February 28, 2019

Duckworth Statement on End of Trump-Kim Jong Un Hanoi Summit


[WASHINGTON, D.C.] — U.S. Senator Tammy Duckworth (D-IL) released the following statement following the conclusion of Donald Trump’s summit with Kim Jong Un in Hanoi:

“I am relieved to hear that the U.S. refused to end sanctions in return for the dismantling of only one of Kim Jong Un’s many nuclear sites and that the administration did not sacrifice our leverage simply for the optics of making a deal. We must be strong and consistent in negotiations with the DPRK and make it clear that any deal will require a full accounting of its nuclear program and most importantly, robust verification measures to ensure compliance. Continued U.S. determination and support for our allies is needed to force Kim Jong Un to return to the negotiating table and reduce north Korea’s threat to peace and stability.”  

Leading up to the summit, Duckworth warned Trump against using this meeting as another PR stunt and to avoid any deal that did not obtain serious, measurable and verifiable commitments that lead to the complete denuclearization of the Korean Peninsula. She also criticized the administration yesterday when reports emerged that it was willing to drop its demand for a full accounting of Kim Jong Un’s nuclear program.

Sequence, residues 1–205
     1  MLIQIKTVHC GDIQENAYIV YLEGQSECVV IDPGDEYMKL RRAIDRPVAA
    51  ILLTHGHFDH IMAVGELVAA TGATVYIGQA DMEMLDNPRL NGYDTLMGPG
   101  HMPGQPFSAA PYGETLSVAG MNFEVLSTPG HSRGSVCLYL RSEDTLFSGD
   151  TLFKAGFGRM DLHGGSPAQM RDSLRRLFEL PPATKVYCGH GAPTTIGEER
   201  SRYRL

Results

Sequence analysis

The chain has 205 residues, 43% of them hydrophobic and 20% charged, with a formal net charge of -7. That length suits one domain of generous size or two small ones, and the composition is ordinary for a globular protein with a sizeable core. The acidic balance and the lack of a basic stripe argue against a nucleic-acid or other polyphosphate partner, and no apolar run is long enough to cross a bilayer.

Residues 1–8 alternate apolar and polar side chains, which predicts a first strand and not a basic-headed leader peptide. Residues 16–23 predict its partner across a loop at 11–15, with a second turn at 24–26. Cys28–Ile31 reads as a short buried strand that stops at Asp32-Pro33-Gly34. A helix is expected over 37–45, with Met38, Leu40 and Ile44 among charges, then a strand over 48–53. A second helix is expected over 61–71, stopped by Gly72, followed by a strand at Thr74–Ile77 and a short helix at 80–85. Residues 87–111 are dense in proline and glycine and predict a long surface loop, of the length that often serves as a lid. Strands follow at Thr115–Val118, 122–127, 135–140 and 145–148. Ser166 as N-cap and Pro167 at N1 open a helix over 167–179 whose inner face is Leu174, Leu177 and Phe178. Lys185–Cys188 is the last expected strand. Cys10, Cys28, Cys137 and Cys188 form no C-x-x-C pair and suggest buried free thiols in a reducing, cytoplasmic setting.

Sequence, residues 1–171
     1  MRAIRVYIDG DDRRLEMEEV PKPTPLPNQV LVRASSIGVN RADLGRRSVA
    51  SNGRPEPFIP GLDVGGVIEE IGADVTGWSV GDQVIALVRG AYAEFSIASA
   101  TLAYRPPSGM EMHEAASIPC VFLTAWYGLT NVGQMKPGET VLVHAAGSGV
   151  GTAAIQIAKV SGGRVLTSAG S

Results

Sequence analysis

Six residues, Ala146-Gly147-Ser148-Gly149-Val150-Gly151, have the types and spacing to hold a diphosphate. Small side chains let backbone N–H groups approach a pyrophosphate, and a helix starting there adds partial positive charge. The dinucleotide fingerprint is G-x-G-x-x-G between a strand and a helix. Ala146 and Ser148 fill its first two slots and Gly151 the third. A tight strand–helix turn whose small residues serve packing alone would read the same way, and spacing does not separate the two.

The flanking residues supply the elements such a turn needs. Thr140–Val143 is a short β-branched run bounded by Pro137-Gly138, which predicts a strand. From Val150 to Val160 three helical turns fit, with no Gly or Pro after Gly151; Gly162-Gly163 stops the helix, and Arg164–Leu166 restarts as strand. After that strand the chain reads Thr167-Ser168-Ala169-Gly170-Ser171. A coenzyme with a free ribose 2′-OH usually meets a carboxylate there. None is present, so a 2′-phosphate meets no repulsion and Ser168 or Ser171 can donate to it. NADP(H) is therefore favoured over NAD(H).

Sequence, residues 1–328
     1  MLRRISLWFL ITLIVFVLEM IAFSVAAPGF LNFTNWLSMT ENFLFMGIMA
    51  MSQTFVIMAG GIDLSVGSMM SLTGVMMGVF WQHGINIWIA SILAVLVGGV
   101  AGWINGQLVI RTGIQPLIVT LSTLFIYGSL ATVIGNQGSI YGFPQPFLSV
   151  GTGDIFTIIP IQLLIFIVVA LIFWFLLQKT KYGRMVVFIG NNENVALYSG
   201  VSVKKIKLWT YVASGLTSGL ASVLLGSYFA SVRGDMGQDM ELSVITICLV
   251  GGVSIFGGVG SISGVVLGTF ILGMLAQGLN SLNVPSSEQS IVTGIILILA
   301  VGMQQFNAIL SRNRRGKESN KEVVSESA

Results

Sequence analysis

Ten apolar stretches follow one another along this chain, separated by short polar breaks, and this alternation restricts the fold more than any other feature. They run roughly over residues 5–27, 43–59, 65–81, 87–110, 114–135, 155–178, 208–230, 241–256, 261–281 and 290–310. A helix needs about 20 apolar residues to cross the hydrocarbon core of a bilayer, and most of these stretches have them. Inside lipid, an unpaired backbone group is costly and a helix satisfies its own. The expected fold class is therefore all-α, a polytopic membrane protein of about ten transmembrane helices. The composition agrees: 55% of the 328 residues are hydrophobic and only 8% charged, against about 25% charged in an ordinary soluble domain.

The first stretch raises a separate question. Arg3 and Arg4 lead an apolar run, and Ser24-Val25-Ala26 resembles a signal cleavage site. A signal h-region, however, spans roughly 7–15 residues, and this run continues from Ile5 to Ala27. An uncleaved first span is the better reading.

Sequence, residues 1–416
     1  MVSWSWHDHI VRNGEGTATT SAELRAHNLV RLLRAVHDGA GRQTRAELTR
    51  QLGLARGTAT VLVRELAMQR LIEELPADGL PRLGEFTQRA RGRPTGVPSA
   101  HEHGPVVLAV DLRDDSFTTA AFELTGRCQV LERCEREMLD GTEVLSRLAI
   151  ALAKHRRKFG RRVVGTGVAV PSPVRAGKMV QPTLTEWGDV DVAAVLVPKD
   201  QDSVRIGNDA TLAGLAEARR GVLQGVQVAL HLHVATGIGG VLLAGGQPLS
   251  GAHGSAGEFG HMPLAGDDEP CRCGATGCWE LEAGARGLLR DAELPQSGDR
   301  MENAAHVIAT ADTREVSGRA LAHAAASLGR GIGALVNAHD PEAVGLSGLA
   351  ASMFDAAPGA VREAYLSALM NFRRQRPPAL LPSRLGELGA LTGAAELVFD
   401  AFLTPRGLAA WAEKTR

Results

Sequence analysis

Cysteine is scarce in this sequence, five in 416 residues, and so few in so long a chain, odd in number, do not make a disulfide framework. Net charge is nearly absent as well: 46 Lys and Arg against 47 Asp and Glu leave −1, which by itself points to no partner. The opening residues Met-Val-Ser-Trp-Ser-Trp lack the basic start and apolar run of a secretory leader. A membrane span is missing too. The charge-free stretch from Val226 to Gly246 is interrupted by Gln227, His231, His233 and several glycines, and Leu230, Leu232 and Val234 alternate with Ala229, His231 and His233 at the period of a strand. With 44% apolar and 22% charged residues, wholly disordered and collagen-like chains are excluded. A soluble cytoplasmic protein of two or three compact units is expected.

Last year, Duckworth also delivered a keynote address at Georgetown University stressing the importance of smart diplomatic efforts to mitigate the threat of war with north Korea and warning of the dangers of rushing to war after she took an official trip to the Korean Peninsula to meet with military leaders, diplomats and toured the DMZ. She has called on President Trump to declassify estimates of how many American servicemembers and innocent civilians would lose their lives so the American people can understand the costs of any renewed conflict with north Korea. Duckworth and Senator Chris Murphy (D-CT) also introduced an amendment to the Fiscal Year 2019 National Defense Authorization Act (NDAA) that prevents the President from withdrawing troops from the Korean Peninsula unless the military certifies it is in our national security interests and would not undermine the security of our allies in the region.